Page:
GANs can also be extended to other modalities, such as audio. One application is the generation of new music that is similar to existing music in its dataset. This has been used to generate new melodies, chord progressions, and even entire songs. For instance, a GAN trained on a jazz dataset can generate new jazz tracks, providing a useful tool for composers seeking inspiration or music producers looking to create music quickly and easily. Another musical application is music style transfer, where a GAN is trained to transfer the style of one piece of music to another—e.g., a GAN that can transfer the style of a classical composition to a pop song or vice versa. This can be useful for musicians exploring different styles and genres or for producers to create tracks incorporating elements from multiple styles.

Improving natural disaster responses and Climate Change awareness

It’s worth noting that GANs also have potential applications in improving the performance of early warning and disaster response systems. One challenge in this domain is the difficulty of collecting high-quality images of natural disasters, like hurricanes and floods, which can cause significant damage and loss of life. It can be hazardous to gather visual data of actual disaster sites, thus hindering the training and evaluation of disaster response systems. GANs could thus be utilized to generate synthetic images of disasters, which could be used for training and evaluating corresponding models. This could help improve the effectiveness of early warning and disaster response efforts, ultimately saving lives.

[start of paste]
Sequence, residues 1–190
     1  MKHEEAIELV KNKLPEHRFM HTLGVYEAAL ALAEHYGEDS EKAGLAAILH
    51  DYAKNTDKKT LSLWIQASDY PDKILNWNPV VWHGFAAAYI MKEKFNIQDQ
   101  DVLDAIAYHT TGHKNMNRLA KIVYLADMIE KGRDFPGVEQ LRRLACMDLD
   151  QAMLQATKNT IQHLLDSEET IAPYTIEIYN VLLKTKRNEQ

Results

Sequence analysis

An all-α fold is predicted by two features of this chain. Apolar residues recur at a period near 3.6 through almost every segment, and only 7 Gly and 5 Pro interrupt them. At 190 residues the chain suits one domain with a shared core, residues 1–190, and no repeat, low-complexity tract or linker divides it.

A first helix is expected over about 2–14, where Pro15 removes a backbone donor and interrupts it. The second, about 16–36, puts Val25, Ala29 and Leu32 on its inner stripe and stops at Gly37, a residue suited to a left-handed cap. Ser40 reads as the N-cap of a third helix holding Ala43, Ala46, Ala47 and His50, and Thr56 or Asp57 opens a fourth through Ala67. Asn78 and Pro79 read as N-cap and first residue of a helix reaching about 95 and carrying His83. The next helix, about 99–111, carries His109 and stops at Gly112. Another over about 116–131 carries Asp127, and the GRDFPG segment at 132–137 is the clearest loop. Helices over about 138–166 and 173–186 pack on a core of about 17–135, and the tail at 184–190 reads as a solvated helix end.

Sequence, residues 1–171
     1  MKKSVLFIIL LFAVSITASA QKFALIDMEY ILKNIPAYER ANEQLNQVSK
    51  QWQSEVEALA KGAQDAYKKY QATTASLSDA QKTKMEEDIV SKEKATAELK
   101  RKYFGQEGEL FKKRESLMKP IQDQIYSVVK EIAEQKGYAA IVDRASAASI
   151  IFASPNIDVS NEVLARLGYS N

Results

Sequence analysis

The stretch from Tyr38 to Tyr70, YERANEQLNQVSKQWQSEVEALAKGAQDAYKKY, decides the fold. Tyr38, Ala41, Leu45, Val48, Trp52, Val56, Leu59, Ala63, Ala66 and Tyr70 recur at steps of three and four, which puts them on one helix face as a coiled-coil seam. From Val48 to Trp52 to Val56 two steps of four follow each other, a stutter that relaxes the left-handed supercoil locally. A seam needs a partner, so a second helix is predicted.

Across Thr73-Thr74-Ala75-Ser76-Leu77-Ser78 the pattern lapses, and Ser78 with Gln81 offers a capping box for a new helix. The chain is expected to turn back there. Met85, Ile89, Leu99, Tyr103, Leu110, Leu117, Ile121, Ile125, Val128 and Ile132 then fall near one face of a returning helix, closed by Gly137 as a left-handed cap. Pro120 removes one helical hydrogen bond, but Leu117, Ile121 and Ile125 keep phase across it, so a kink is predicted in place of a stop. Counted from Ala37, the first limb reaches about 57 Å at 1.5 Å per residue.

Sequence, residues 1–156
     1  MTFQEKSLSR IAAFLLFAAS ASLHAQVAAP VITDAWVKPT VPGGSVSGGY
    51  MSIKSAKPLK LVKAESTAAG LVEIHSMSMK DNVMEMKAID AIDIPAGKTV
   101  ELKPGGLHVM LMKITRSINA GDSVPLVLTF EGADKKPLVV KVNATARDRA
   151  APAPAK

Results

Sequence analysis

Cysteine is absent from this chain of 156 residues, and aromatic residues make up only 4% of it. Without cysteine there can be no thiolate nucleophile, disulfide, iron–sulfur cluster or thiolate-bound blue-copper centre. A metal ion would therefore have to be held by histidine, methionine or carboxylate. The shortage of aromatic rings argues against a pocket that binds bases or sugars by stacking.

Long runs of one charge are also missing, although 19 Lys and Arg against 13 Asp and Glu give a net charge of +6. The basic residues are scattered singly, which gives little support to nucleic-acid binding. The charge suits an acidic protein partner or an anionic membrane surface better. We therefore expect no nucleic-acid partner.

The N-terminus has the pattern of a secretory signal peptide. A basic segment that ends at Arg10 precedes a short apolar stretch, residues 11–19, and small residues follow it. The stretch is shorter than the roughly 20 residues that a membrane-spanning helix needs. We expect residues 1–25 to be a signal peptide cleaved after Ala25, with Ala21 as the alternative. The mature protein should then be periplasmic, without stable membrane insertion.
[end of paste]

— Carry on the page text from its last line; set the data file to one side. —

Additionally, GANs can be used to generate high-quality synthetic images of climate change effects, such as glacier melting and coastal flooding. If used in educational materials, public awareness campaigns, and other efforts to communicate the impacts of climate change to a broader audience, these synthetic images could raise awareness, potentially leading to more effective action to address climate change.

How can we help?

As such, Generative Adversarial Networks are invaluable deep learning algorithms with almost endless beneficial potential. Defined.ai can provide a wide range of high-quality, diverse text, images, videos, and audio datasets that can be used to train GAN models for a variety of tasks, such as audio synthesis, text style transfer, and chatbot response generation, to name a few.


For example, suppose you’re developing a GAN that can generate the voice of a company representative speaking in multiple languages for your website. In that case, Defined.ai can provide large and diverse training datasets of audio recordings in the requisite languages. Alternatively, if you are interested in a chatbot response generator, we can support you by providing those necessary training sets as well in either text or audio formats.

Whatever your application, get in touch today to learn how Defined.ai is your best resource for building robust and effective GAN projects.

References:
[1] Jun-Yan Zhu, Taesung Park, Phillip Isola, and Alexei A. Efros. “Unpaired Image-to-Image Translation using Cycle-Consistent Adversarial Networks,” in IEEE International Conference on Computer Vision (ICCV), 2017.